Justice Souter acknowledged that Mr. Buffone was “going through a logical analysis,” but he pressed him to further articulate the underlying rationale for his argument. “[T]he logical analysis is not going to win the case for you,” he told Mr. Buffone, because the Court is essentially confronting the collision of two different lines of authority. One is the issue preclusion model that Yeager advocates, and the second is the contrary line of authority holding that hung juries generally do not bar retrials. “How do we choose between those two possibilities, each of which is open to us?” In response, Mr. Buffone first appealed to history, noting that “acquittals have long been recognized as being important for finality purposes to double jeopardy law.” Justice Souter countered that history alone cannot provide the answer; so too have “hung juries . . . long been recognized as raising no bar to a further trial.” Mr. Buffone responded by invoking the core concepts underlying the Double Jeopardy Clause: the finality of jury verdicts and the “constitutional perils of successive trials.”

Arguing for the government, Deputy Solicitor General Michael Dreeben began by emphasizing that two separate lines of double jeopardy analysis compel the conclusion that the government is entitled to retry a defendant on the hung counts in a mixed-verdict case. First, the doctrine of continuing jeopardy allows the government to retry defendants after hung verdicts because the government is “entitled to one full and fair opportunity to convict.” Second, the Court’s collateral estoppel under Powell is premised on the idea that the jury has acted rationally, which was not the case here.

Chief Justice Roberts voiced skepticism of this second argument, stating that Mr. Dreeben was asking for a “pretty dramatic extension of Powell,” which did not involve subsequent prosecutions. Mr. Dreeben argued that Powell still provides the appropriate analogue to this case because it was also a situation in which the Court “rejected the doctrine of collateral estoppel as a means of upsetting a mixed verdict.” Chief Justice Roberts, however, noted that the situations are still “very different.” In Yeager’s case, the only jury determination is the acquittal, such that if the Court does not give effect to the findings in the acquittal, it may be undermining “the only determination by the jury.” This is a far cry from the situation in Powell, where there were two inconsistent but final verdicts, and the Court could not give effect to one final determination without undermining the other.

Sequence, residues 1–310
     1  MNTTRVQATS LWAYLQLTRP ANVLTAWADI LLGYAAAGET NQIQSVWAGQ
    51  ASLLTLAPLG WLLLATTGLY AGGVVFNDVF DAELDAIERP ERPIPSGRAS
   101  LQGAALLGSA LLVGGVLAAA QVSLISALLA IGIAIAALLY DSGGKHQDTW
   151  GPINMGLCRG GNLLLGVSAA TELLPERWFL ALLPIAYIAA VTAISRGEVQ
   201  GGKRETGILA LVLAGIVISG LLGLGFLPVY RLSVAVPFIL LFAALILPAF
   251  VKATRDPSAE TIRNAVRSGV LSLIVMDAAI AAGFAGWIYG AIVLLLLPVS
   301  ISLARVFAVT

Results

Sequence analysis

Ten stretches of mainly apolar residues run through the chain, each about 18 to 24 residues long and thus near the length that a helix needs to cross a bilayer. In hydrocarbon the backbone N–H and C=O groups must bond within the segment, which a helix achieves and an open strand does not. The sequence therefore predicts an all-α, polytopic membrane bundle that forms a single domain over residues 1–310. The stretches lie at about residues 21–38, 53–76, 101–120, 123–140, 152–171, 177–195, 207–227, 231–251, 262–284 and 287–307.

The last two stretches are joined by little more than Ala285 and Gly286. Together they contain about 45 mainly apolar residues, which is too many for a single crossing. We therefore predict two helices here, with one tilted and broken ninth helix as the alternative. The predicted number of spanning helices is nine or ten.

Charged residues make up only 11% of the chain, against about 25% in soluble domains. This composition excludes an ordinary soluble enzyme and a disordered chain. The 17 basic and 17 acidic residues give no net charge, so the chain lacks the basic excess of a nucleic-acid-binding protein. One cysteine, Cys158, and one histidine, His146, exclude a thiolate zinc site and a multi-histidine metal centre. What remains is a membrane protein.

Justice Stevens then offered another means of distinguishing this case from Powell. “Isn’t there a difference,” he asked, between the Powell case of a conflicting simultaneous verdict, where the apparent irrationality of the acquittal can be explained on the grounds of leniency or compromise, and this case, where the acquittal is the only final verdict and therefore “there is no reason to doubt [its] validity?” Mr. Dreeben disagreed with that premise, noting that there is every reason to doubt the validity of these acquittals, given that “on the theory that the Petitioner propounds, the verdict on the acquittals is inconsistent with the mistrial.” Justice Stevens responded, however, by circling back to Mr. Buffone’s argument about the length and complexity of this trial. When there are upwards of 150 counts in the indictment, he noted, “it’s entirely possible that [the jury] just didn’t reach a decision” on some counts because of time pressures. Mr. Dreeben counseled, however, that the Court should not get “too distracted by the number of counts,” because the insider trading counts all turned on a common core of facts.

The argument then returned to the broader themes and principles underlying the collateral estoppel doctrine. Justice Breyer suggested that “the only way to answer this [case] is to look and see if the policies that underlie the collateral estoppel part of double jeopardy apply here.” As he pointedly noted, “I can’t think of one single one that wouldn’t apply.” In response, Mr. Dreeben advanced a hypothetical of his own, telling the Court that the rationale for allowing the government to retry the hung counts was “made most vivid by imagining Ashe v. Swenson in a slightly different posture.” Suppose in that instead of bringing sequential robbery prosecutions, the government brought all of its robbery counts in a single trial, and the jury acquitted on one count but deadlocked on the others. Why then couldn’t the prosecution retry those hung counts? Justice Breyer countered again with a version of the hypothetical he had pressed with Mr. Buffone. “[W]hy,” he asked, “should the government be one whit better off” because they happened to bring the hung count together “along with the other [acquitted count]” in the first trial? Mr. Dreeben responded that the reason is grounded in the rationale for the collateral estoppel component of double jeopardy, which is aimed not at preventing simultaneous charges but from preventing the “government [from] going sequentially, carving its prosecution into pieces.”